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143 Although S. tiburo consumes hard shelled prey, it does so in a manner that is biomechanically different than previously de scribed in chondrichthyans. Animals that specialize on fast, agile, and elusive prey have speed-efficient jaw closing systems with low mechanical advantages (Turingan et al ., 1995). Previous studies have shown a tradeoff between bite force and the ability to capture elusive prey (Herrel et al., 2002b). The bonnethead shark feeding mechanism a ppears to be a compromise between adductive speed and force. Furthermor e, the jaw adducting musculature in S. tiburo can be active in a cyclical manner which could ai d in fracturing prey e xoskeletons (Wilga and Motta, 2000). This shark captures small, elus ive blue crabs by ram feeding with a wide gape and fast jaw closure (Wilga and Motta, 20 00) yet is constrained to smaller crabs by its limited bite force (see below). Model Verification Numerous methods for measuring bite force have been employed (Anderson et al., 2008), although few have been quantita tively compared (Huber and Motta, 2004; Huber et al., 2005). Previous studies have shown some methods of recording bite force are accurate predictors of maximum tetanic bi te force, whereas others are less so (Huber et al., 2005; Herrel et al., 2008). In previous studies of elasm obranch bite force, it has been shown that, in some cases, theoretically determined bite force accurately predicts those produced during in vivo voluntary testing (Huber et al., 2005). Furthermore, in bats theoretical morphological models of bite fo rce accurately predict bite force capacity (Herrel et al., 2008). However, other factor s not accounted for in our model (e.g., inertial fluid forces, resistance of body tissues) may influence the accuracy of our theoretical predictions (see Van Wa ssenbergh et al., 2005).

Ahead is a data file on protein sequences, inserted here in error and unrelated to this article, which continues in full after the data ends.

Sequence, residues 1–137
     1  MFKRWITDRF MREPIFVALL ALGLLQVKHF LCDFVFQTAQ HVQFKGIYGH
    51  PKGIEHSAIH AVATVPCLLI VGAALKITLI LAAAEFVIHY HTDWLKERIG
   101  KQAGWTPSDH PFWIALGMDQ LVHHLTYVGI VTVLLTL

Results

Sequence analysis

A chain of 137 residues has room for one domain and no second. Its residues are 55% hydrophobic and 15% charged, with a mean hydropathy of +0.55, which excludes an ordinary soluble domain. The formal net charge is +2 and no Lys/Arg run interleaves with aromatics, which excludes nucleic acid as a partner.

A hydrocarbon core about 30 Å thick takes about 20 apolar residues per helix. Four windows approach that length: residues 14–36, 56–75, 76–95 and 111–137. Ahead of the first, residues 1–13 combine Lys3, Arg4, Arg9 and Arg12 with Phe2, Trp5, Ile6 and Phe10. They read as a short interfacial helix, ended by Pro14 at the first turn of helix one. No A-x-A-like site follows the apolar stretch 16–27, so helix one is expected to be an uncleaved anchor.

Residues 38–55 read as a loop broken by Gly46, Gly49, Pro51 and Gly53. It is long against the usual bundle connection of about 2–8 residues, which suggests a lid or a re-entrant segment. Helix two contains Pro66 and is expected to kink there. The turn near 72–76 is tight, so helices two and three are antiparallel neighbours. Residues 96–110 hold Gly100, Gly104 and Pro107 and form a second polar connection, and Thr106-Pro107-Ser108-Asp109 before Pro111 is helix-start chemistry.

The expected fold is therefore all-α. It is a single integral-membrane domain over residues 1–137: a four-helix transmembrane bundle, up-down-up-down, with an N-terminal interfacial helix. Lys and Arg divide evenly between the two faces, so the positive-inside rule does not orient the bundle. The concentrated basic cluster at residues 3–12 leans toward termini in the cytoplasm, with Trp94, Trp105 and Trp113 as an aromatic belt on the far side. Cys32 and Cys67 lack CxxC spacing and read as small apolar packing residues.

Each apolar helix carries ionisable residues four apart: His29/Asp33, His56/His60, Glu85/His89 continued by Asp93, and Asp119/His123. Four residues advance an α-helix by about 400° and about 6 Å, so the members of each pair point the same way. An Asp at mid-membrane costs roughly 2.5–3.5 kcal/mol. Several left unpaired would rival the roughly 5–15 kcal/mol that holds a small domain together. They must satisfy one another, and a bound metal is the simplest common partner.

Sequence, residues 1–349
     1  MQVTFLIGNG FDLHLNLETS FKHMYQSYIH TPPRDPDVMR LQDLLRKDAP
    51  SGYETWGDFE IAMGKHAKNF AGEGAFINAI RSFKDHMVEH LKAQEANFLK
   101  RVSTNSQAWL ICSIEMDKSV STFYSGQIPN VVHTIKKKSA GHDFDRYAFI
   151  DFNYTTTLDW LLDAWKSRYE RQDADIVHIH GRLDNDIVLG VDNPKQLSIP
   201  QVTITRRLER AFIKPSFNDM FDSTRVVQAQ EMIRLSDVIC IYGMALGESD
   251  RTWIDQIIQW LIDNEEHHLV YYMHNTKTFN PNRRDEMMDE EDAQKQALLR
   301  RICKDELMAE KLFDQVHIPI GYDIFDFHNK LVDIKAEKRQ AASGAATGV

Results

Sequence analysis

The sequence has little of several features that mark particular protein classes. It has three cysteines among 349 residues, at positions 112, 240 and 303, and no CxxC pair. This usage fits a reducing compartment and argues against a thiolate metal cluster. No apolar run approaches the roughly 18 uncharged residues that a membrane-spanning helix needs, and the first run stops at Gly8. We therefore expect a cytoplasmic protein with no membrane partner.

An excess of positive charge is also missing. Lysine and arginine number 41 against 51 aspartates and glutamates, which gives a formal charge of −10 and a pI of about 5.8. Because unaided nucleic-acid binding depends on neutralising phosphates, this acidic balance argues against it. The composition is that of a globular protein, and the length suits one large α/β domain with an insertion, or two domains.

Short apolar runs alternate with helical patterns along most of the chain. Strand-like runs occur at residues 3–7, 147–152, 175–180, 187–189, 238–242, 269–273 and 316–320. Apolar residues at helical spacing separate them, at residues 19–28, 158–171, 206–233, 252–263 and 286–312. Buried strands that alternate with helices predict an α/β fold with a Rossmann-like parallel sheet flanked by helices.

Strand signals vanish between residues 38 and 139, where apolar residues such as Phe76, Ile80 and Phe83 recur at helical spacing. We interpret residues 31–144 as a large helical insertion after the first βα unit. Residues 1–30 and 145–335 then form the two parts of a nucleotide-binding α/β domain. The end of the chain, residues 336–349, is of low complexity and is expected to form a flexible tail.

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144 These data show that 55.2-68.7 cm PCL bonnethead sharks are capable of producing a maximum bite force of 107.9 N at th e posterior molariform teeth (Table 3.2). In bonnethead sharks no differences were f ound between restrained and stimulated or stimulated and theoretical testing conditions However, both ante rior and posterior theoretical bite forces (20.0N and 77.4 N respectively) were greater than re strained bite force (14.2 N and 53.1 N respec tively). Both theoretical and stimulated testing conditions remove behavioral motivation as a potential variable. However, during restrained biting the animal can choose to perform less than maximally. Behavioral motivation, or lack thereof, can result in less than maximal performance (Irschick, 2002). During testing it was noted that restrained testing conditions e licited a reluctant bite from S. tiburo; the animal’s teeth had to be prodded numerous times to elicit a bite. Furthermore, S. tiburo did not voluntarily bite the force transducer even when presented with food. These results are contra ry to that of the horn shark, H. francisci where the sharks vigorously bit the offered force gauge, and restrained bite force was the largest among the three testing conditions (Huber et al., 2005). In the bonnethead shark, theoretical and stimulated bite force appear to be good indicators of performance, whereas voluntary bite force, under the condition s utilized here, is under representative of its biting capabilities. Ecological Performance Although high bite force may f acilitate a larger range of potential prey, it is often associated with dietary specialization becau se increased performance allows exploitation of prey resources unavailable to other species or availabl e to only a small number of species (Hernndez and Motta, 1997; Berume n and Pratchett, 2008). Thus, access to